Detroit Free Press from Detroit, Michigan on May 25, 1994 · Page 31
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Detroit Free Press from Detroit, Michigan · Page 31

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Detroit, Michigan
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Wednesday, May 25, 1994
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Page 31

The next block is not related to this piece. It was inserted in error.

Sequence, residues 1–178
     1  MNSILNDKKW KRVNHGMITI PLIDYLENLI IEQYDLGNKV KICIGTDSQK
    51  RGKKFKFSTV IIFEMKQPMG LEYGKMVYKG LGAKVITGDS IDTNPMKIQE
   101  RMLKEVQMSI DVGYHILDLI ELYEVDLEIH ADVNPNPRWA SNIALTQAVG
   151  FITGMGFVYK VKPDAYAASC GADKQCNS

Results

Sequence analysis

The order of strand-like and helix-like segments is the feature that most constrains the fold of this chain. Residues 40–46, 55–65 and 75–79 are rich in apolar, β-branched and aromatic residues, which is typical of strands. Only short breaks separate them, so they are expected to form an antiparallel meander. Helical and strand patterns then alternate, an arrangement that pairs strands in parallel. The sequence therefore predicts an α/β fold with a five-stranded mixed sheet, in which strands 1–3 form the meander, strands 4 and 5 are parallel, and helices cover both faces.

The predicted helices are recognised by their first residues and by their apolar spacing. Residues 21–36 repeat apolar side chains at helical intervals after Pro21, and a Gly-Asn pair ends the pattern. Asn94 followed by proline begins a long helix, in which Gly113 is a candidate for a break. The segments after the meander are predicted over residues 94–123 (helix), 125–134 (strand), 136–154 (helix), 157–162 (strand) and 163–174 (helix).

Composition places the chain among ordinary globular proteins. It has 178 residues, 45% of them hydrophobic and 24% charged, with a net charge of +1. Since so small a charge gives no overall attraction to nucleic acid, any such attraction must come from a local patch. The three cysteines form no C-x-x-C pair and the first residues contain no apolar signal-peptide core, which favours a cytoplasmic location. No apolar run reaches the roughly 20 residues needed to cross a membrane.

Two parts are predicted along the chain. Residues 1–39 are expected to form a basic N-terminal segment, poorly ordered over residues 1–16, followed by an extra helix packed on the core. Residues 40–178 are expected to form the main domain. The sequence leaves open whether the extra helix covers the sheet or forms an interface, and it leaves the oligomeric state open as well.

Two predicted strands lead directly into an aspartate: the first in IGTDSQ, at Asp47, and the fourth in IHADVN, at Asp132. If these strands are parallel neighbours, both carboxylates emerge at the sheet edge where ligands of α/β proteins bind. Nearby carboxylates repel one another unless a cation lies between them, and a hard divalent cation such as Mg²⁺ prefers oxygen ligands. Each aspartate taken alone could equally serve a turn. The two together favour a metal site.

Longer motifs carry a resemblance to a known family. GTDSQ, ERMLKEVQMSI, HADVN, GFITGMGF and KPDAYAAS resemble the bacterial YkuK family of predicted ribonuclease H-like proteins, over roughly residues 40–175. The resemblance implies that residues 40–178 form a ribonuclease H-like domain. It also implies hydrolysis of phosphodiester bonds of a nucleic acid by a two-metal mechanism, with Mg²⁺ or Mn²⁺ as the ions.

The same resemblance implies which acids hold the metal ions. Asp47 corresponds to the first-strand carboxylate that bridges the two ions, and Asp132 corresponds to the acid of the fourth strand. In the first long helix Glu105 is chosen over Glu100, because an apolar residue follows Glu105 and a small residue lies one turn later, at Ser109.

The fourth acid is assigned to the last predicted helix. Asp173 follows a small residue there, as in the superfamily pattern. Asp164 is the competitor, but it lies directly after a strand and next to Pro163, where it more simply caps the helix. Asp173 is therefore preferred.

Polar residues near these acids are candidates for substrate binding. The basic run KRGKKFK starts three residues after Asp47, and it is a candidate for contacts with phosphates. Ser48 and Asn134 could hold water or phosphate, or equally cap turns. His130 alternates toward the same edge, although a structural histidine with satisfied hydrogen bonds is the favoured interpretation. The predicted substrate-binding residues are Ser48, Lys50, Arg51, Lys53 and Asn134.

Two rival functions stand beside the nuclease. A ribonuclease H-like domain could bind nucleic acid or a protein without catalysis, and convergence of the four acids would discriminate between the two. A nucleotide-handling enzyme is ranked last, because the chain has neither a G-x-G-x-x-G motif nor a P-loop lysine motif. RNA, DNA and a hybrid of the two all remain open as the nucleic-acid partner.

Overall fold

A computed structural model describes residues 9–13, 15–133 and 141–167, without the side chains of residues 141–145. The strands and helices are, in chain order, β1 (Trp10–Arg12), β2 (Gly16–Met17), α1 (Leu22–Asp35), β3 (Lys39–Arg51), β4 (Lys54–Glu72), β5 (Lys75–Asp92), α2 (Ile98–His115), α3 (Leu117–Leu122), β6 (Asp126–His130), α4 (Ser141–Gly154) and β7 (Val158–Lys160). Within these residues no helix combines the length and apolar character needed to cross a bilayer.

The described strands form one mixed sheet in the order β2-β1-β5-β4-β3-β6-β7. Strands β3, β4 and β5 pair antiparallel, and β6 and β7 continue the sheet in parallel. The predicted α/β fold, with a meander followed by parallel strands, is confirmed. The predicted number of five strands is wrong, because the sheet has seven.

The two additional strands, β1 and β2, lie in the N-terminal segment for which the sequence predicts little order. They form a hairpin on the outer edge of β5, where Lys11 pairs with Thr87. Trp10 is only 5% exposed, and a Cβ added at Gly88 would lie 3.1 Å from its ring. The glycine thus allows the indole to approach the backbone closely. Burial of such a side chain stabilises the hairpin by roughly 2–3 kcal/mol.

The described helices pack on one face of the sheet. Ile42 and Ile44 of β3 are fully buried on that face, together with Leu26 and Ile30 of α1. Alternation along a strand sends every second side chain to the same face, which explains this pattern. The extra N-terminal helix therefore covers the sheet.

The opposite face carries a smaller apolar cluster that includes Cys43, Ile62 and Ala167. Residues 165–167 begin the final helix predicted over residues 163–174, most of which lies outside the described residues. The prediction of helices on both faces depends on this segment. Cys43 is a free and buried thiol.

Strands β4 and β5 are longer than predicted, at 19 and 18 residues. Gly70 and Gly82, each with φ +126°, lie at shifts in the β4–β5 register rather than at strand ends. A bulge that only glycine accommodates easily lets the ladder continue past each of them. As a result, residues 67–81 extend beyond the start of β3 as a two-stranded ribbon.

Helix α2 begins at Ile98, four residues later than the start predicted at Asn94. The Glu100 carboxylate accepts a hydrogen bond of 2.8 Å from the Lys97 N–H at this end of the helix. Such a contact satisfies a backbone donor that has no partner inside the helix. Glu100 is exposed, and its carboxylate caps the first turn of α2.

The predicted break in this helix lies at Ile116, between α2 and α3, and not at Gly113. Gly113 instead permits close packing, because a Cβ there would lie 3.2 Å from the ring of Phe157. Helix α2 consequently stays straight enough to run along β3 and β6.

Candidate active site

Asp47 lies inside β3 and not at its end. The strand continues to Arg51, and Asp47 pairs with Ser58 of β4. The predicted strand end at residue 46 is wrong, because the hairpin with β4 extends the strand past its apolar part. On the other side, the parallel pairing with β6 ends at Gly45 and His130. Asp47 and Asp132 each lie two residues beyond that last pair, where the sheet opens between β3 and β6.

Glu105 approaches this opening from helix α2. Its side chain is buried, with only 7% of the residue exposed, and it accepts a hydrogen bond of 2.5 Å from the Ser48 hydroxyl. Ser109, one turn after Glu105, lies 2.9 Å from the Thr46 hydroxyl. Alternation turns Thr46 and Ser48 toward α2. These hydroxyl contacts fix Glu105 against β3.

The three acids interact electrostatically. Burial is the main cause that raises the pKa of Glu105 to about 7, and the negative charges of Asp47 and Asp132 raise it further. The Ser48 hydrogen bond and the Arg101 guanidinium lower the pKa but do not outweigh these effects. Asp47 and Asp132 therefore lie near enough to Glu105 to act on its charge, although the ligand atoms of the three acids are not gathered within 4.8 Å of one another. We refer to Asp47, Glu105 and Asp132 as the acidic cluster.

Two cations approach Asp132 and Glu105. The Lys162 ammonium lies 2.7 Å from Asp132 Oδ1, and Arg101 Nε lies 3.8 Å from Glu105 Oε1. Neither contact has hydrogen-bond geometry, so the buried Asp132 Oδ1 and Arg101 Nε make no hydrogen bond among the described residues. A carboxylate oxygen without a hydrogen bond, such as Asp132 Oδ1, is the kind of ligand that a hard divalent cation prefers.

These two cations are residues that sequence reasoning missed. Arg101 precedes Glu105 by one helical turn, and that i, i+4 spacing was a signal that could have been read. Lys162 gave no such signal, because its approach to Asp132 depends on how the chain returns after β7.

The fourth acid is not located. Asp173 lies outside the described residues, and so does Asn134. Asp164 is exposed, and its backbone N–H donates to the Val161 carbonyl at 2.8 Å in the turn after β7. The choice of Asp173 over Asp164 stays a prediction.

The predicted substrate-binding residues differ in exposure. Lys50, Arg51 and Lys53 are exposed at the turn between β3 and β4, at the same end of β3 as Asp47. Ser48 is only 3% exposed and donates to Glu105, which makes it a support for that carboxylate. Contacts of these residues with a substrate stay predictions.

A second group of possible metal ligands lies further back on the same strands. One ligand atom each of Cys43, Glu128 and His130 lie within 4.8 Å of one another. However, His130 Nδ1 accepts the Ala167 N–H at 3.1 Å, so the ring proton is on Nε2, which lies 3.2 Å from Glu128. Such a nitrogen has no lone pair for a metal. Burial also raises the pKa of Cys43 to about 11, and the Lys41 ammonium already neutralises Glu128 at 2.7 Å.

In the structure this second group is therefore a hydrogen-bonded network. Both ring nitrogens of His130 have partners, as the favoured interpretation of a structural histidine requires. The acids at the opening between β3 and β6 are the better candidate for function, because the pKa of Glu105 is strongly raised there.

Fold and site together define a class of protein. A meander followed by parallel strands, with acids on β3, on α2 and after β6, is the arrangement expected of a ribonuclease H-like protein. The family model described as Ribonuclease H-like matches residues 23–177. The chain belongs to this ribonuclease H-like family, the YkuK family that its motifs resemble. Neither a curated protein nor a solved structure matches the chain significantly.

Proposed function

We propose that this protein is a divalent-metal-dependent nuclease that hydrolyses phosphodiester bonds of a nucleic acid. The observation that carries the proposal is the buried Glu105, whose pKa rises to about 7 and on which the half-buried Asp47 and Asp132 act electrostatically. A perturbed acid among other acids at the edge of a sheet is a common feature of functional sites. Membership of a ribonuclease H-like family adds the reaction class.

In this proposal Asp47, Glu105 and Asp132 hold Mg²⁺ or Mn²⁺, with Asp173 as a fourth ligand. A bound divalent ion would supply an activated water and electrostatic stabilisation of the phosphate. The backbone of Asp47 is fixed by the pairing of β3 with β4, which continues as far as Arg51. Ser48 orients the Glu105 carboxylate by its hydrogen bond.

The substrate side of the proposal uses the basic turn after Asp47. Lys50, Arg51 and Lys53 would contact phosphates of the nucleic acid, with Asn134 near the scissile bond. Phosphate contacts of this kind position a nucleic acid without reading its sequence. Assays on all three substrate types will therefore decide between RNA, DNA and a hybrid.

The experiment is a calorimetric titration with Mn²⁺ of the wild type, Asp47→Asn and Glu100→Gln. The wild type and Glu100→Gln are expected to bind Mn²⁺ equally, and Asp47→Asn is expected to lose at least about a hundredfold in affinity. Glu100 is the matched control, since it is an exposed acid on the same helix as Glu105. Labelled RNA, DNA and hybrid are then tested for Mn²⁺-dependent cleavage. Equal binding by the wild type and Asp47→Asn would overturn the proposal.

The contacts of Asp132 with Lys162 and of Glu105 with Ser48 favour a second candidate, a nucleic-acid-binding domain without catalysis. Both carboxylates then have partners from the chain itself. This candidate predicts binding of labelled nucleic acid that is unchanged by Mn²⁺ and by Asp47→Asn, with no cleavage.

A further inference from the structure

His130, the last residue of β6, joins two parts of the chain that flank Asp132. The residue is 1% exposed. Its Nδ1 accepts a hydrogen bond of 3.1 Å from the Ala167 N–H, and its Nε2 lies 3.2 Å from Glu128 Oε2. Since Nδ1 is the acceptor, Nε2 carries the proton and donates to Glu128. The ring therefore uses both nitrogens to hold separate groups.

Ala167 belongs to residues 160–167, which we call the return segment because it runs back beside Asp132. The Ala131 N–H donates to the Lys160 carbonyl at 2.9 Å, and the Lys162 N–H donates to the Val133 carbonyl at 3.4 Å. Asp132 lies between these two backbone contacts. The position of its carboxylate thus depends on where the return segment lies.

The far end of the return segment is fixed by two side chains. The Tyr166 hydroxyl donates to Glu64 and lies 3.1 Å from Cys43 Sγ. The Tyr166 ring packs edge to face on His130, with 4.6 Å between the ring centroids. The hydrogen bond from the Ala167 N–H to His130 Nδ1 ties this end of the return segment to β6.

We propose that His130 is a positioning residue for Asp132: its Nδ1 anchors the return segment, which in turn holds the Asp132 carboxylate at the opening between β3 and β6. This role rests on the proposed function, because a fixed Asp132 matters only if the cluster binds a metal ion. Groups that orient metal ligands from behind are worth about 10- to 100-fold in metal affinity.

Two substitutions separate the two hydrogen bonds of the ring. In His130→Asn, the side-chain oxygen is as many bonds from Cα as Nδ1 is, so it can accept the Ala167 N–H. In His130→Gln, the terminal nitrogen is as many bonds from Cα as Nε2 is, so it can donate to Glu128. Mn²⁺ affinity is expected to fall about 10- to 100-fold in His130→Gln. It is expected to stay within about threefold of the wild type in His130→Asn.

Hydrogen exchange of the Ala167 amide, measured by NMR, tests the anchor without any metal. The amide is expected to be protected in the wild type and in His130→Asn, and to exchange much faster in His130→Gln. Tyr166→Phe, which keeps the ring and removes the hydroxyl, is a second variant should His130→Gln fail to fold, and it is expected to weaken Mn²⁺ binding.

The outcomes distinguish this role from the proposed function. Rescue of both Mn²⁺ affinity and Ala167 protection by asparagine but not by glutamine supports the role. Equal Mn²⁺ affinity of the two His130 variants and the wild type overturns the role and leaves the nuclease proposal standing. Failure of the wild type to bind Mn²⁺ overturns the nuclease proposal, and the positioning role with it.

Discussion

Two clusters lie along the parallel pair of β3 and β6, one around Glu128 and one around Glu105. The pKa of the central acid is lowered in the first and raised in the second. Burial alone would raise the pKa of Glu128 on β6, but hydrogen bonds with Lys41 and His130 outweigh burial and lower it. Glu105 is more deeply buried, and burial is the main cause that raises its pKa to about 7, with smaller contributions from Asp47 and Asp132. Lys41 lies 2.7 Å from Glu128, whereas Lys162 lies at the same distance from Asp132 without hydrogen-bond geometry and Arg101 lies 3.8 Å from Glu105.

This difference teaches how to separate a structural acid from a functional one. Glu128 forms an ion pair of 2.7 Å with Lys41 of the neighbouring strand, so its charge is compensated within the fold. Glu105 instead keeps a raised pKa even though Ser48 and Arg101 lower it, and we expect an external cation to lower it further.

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i:;side: bookmarks Annette Funicello's memoir doesn't end with "happily ever after." Page 3D. .Wednesday, May 25, 1994 SECTIO.'I D Television, Pages 6-7 E-NT, Page 6 Feature Page, Page 13 Call The Way We Live: 1-313-222-6610 BOclroil 4frcc Pre YE ixldj vy-il yyij lts f Eddie Murphy is back in the third "Beverly Hills Cop." Third time is charmless for 'Cop' By Anderson Jones Free Press Staff Writer For a moment you think, "Wow, Eddie's back." Everything seems right, for Eddie Murphy at least: the bug-eyed expressions, the pursed lips, the gap-toothed smile, and ... that laugh. "Beverly Hills Cop III" begins with a familiar and requisite gun battle capped by a freewheeling car chase with Murphy in hot pursuit in a stolen hot rod that self-destructs as the chase continues. Soon after the car comes apart, so does the film. Then, you start wondering, "Is Eddie going to make it?" Not out of this mostly suspense-less movie, but out of what seems to be a nagging career slump. His last two films, the mildly successful "Boomerang" and the forgettable "Distinguished Gentleman" did nothing to further his box office appeal. "i So this once-successful formula movie must have seemed like a safe place to begin what is being called his comeback. That's the only logical reason for this utterly unnecessary $56-million sequel to the enormously successful first "Cop" and the less-so second trip West seven years ago. Yes, it's been that long and, my, have things stayed the same. Maybe they should put an expiration date on these things. See COP, Page 2D Beverly Hills Cop III 2 Rated R; cartoonish violence, profanity. t ; 4: Outstanding 3: Worthy effort 2: So-so 1: A bomb I I Sailors with a Michi- W 1 -- - . V I gan connection: Mary 1 , " f . . -&-t, t'4 j 1 Schroeder, Detroit; ;t4?' ' " ' v . V . L Merritt Palm, former- f rr , 1 l;' V : ? lyofGrossePointe &Xv k. f Farms;coachStuArgo f , : ' ;, ,. II, Grosse Pomte , '$ ; .... "y 'f Woods native; and Ka- i " t - J " J tie Pettibone of Port t ,.4 'x ' - " 7 r Huron.Atleft,Martha V; n V? i s . - V 1 Mackechnie works on ) ' ' " ' y .f the spinnaker pole of ! r , " ' ' the sailboat Kanza. 4sJ 'I W """ WP' Jf JOAN C FAHRENTHOLDDetroit Free PressJJJ ' f Women prove their merit I ''SEAWORTHY J i IN AMERICA'S CUP TRYOUTS -f 7 Cl" . .. . i i' ... . ''.. !! JOAN C FAHRENTHOLDDetrolt Free Press Katie Pettibone and Melissa Purdy trim back the running on Kanza while Amy Baltzell, Sarah Bergeron and Christine White sit on the rail. Sailing tryout takes muscle, experience and hope i v Umv Craonrnro 0 4 Dl OVUIXVyijJLJjiv i Free Press Staff Writer A diary of an America's Cup tryout: MONDAY: The alarm goes off at 5:20 a.m. Katie Pettibone, my roommate from Port Huron, and I begin one of the biggest adventures of our lives, trying out for the first all-female America's Cup team. I'm living a dream. Two years ago, Ameri-ca3 won the cup. I'd like to do the same in 1995. TUESDAY: Can we say the words exhilaration? Exhaustion? Last night we were asleep by 9 p.m. See TRYOUT, Page 2D BY ELLEN CREAGER Free Press Staff Writer AN DIEGO Martha Mackechnie scrambles up the 110-foot mast and perches there as the Kanza turns west on breathlessly blue San Diego bay. The red roofs of Coronado beckon on one side, and downtown shimmers regally on the other. But all Mackechnie sees from the top of the $5-million sailboat is the chance of a lifetime to be part of the first all-female team ever to compete in the America's Cup, the most famous sailboat race in the world. "This is a 100-percent focus deal," says Merritt Palm, 25, one of five Michigan women among 44 finalists for the team. "You have to want it so bad that you can taste it." She does. They all do. They'll drop everything for the chance. "After we prove how valuable women are, they will be welcome on any other America's Cup team," says Palm, who grew up in ' Grosse Pointe Farms. But first, they have to prove it. No woman has sailed in an America's Cup final since 1937. No woman has ever been skipper of an See AMERICA3, Page 5D V.lJ u 4 Kanza sails through San Diego harbor. 1 t. ' M5 Trekker: Anthony Lesnick, 41, of Dearborn Occupation: Captain of the USS Intrepid (also a patent attorney) One starship captain bids farewell to another BY LT. WENDY WARREN KEEBLER Free Press Communications Officer Weekdays find him in his Dearborn office, practicing patent law. But his leisure time is spent in another pursuit, which he seems to take equally seriously: Anthony Lesnick is the captain of the starship USS Intrepid. OK, it's not really a starship, it's an international "Star Trek" fan club. Its members refer to themselves as the "crew," and they have ranks and titles just like on a "real" starship. They also have disputes, and their captain often must issue orders to resolve them. That's when Lesnick looks to the leadership style of Jean-Luc Picard captain of "Star Trek: The Next Generation's" Enterprise See TREKKER, Page 2D Crew member: Capt. Jean-Luc Picard, played by Patrick Stewart Occupation: Captain of the USS Enterprise I GUINDON Richard Guindon has the day off. While he's gone, we're reprinting a favorite cartoon. WHO LEFT) HI5 A V THI5 ? A &01TA Living alone DOESN'T MEAN YOU SHOULDN'T HAVE SOME. STANDARDS. IV&UiNDON dont DON'T DRINK. FROM THE-V CARTON .' ill BOTTOM LINE: SEND US YOUR FANTASY ver want to feed the lions at the zoo? Play catch with Cecil Fielder? Hot-air balloon over Belle Isle? Ever want to umpire a baseball game? Be the lone shopper in a Border's Book Shop? Inspect the Grand Prix track with Emerson Fittipaldi? What's your fondest wish, your own idea about what would be too much to wish for and too good to be true? This summer, for 13 weeks, we want to try to make your daydreams into bona fide memories, complete with pictures, autographs and souvenirs. You just send us your secret summer wish. If you're chosen, and if a lot of nice people are willing to help us, up to 13 folks will get their fantasy fulfilled. Of course, there's a hitch: A Free Press reporter gets to go along and write about it. Second hitch: Keep these fantasies G-rated, please. Third hitch: No guarantees. We'll do our best. So far, Cecil's agreed to nothing. Write us at Summer Wishes, The Way We Live, Box 828, Detroit 48231. Our fantasy is lots of short notes, no calls please. Let the dreamin' begin. By Amy Wilson lit J jiatte t"-1ii' iff ft PirT3arljrJolliWti-.WiwrL Hill W "Uhi f -1 V 'OffinHrflr if i ; V.'i -'-r' Ift Y -."f -if fr.iir r-V rt1 'il "' '''!;""":L " a'dlBlte- 1 """'f- - aighvjmrf.tR!MtiiTti .Mefrq jahiiV.fa ii-faBMflWjU. Twjai. . -JaJttfaWJ8BWH.sfa5J . jLMMtfettTSfr-ja.!p